Mini’s Dangerous Curves 1
I should introduce myself; I’m Mini. And whatever happens from here on out, you should know a few things about me:
1) My Grandma Masha (her name is “Marsha”, but I couldn’t pronounce this Mt. Everest of a word at the tender age of one, so she’s been Grandma “Masha” ever since) raised me after my pop died and my loving ma ran off with her bar brawling superhero
2) I am in NO way a mirror image of my name. Nope, I’ve never met a donut I didn’t like.
3) I like food because it never says I’m fat or leaves me standing in the rain, with a soaking wet paper Piggly Wiggly bag filled with the most precious possessions on my Grandma’s front step, telling me, “Uncle Larry and I are going to the car lot, you stay with Grandma and I’ll be back before you know it.” only to wait around for 3 years before it came back. And
4) If I had one single wish? It would be to be loved for who I am every day and to never cry myself asleep again. Ok, ok, it’s almost like it’s TWO wishes, I know…but my heart doesn’t think they’re too big to be considered if I ever get the chance to have them come true.
The commemorative Elvis plates line the dusty shelves, their shine limited to the occasional finger streak. I’ve looked at these plates for as long as I can remember. The drapes, so old if Grandma Masha were to wash them, I’m almost positive they’d fall apart upon contact with water. The shag carpet, the color of streaked baby poo, is also a relic. A relic in desperate need of deep cleaning.
I’m sitting in Grandma Masha’s living room, the TV on some talk show about paternity testing (doesn’t anyone know who their “baby daddy” is anymore?), eating off of an antique TV tray on a Friday night. It’s what I do every Friday night and well, every Saturday night too.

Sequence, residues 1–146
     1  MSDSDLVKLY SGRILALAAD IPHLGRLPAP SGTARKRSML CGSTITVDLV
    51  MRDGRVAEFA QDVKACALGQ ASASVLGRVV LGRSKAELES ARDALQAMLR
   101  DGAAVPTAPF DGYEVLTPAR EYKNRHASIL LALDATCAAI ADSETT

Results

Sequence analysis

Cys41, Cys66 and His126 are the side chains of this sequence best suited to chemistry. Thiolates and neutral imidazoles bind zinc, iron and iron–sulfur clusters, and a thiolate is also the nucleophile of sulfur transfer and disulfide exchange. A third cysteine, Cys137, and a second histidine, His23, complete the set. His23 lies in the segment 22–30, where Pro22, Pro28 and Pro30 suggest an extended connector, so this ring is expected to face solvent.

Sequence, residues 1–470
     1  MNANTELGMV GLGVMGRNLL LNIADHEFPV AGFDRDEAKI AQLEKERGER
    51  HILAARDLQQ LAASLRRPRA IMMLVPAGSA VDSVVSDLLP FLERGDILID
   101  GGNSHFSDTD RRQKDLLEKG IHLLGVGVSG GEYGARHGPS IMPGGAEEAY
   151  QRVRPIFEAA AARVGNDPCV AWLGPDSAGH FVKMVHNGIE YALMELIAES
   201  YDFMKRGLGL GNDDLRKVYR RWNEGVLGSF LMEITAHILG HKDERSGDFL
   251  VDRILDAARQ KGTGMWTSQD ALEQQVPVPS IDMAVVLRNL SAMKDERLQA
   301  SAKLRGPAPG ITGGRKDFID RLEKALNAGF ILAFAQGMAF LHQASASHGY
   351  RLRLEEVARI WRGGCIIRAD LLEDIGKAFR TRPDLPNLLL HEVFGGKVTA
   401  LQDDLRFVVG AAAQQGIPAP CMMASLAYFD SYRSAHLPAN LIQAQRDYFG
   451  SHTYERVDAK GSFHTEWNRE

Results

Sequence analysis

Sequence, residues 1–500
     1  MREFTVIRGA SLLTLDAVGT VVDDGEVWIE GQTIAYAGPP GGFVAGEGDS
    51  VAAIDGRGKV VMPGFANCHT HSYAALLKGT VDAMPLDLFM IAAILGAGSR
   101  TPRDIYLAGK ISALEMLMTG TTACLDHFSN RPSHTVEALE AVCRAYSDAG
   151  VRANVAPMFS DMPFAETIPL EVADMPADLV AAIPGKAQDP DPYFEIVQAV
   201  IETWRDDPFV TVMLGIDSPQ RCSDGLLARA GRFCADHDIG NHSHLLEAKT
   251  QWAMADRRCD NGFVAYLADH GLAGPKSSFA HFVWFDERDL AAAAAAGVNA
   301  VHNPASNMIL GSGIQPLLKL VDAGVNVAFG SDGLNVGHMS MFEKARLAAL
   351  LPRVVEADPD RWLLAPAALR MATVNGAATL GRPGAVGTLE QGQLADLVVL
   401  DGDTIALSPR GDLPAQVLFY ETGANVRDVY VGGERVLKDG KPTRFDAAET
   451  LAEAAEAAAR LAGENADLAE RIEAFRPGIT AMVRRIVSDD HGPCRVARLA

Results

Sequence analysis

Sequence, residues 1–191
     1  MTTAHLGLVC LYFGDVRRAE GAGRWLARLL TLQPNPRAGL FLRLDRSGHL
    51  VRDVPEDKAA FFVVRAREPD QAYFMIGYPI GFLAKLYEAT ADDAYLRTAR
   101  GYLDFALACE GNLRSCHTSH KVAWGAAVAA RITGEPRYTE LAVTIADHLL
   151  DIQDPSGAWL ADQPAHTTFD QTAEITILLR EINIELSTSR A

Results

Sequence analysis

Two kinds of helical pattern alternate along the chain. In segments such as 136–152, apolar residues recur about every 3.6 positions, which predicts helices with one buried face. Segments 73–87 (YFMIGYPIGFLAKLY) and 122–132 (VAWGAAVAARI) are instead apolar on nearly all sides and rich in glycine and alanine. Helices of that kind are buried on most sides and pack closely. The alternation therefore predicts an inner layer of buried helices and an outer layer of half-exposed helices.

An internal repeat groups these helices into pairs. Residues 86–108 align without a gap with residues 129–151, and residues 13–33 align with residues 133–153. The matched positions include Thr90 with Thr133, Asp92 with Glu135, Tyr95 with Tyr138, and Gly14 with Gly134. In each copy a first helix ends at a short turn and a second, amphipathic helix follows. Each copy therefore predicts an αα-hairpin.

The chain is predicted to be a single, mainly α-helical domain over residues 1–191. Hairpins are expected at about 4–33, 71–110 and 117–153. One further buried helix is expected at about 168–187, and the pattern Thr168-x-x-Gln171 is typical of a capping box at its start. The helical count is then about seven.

Unless that is, I’m driving Grandma to Bingo down at the VFW Hall on Lakewood Ave. Those are some wild times, it’s like a game of Russian roulette with all the oxygen tanks attached to their die-hard smoking owners, you take your life into your own hands-on Bingo night in Felton.
Grandma’s in the kitchen, I can hear the water running and dishes rattling. She has such a sweet way about her and is just the tiniest slip of a thing; it’s hard to believe our lineage is truly connected. Grandma is my father’s mother and never thought twice about taking me in when my mother left me here, 20 years ago.
I was three months shy of my 6th birthday. I was slim and knocked kneed, wearing boy’s jeans and shoes with a thrift store sweater. My hair cut to my chin, dripping and knotted from the rain pouring down on me.
The physical transformation from that little, bitty girl to the plus-size food junkie I now happen almost without my noticing.
I wasn’t always rounded and full in places that were meant to be sleek and aerodynamic.
But years of rejection and broken promises tend to take on a life of their own and I followed, one tasty bite after the other until I could no longer shop in department stores for my clothes, the tastes began to blend together, and my choices were ruled by decisions such as: to super-size or NOT to super-size, needless to say, I often went with “Yes, I’d like that super-sized…”.
One cliché I managed to avoid? The ol’ diet coke with my value meal…uhn-uh! I’m a Dr. Pepper girl through and through.
No point in pretending, we all know I’m not there after a brisk and soul renewing workout. No, I’m here because I’m a big girl stuffing my face and feelings with your sloppy cheeseburgers with extra sauce hold the lettuce.
And bless her heart; Grandma only did what she could to make me happy after so many losses. If I wanted chicken fingers at 11:38 pm, we got in the car and headed to the Chicken Hut off old Sawbrick Rd and Main, where she would pull up to the drive-thru menu which sported a microphone in the shape of a chicken head.
And she would order those chicken fingers, along with whatever else I had rambled on about on our way to the 24-hour eatery. They knew us by heart by the time I was eight years old.
“Pull around Mrs. Marsha, we gotcha order cookin’…” the crunchy and faintly tired disembodied voice would mumble back to her and we would pull around to our bags waiting on the window ledge, with a well versed Chicken Hut employee asking how we were “doing this warm night”.
At the time, I didn’t know to be embarrassed by my habit. I loved food and truly believed it loved me back. I just wanted to be home with my warm bag and ice-cold milkshake, sitting on Grandma Masha’s couch and forgetting whatever it is I didn’t know I was trying to forget at the time.
It is those times that I can freeze-frame by frame in my mind, analyze in a disconnected sort of way now, and wonder why that didn’t seem wrong to anyone, even me. Because if it had, maybe to even one person? By the time I hit Jr high, I wouldn’t have been ordering dresses from Biggin’s and Round and Full.
Signing out for now,